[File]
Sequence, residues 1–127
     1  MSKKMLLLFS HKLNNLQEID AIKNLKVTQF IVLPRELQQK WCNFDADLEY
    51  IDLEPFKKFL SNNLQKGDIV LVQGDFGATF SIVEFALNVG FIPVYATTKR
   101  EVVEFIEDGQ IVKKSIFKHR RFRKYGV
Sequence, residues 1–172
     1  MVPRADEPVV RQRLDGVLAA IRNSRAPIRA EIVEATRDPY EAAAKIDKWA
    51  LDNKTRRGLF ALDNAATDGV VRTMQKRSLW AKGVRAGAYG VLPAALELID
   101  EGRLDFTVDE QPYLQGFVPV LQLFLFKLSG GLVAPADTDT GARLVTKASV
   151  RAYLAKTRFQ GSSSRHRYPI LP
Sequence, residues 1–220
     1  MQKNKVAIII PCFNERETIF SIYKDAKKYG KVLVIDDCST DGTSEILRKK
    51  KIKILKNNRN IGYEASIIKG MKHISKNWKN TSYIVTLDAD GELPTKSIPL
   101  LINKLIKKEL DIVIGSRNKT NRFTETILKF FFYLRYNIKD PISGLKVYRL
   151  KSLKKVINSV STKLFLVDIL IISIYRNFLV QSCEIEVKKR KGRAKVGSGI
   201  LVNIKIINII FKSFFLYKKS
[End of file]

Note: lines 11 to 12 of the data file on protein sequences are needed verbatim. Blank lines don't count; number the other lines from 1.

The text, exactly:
     1  MQKNKVAIII PCFNERETIF SIYKDAKKYG KVLVIDDCST DGTSEILRKK
    51  KIKILKNNRN IGYEASIIKG MKHISKNWKN TSYIVTLDAD GELPTKSIPL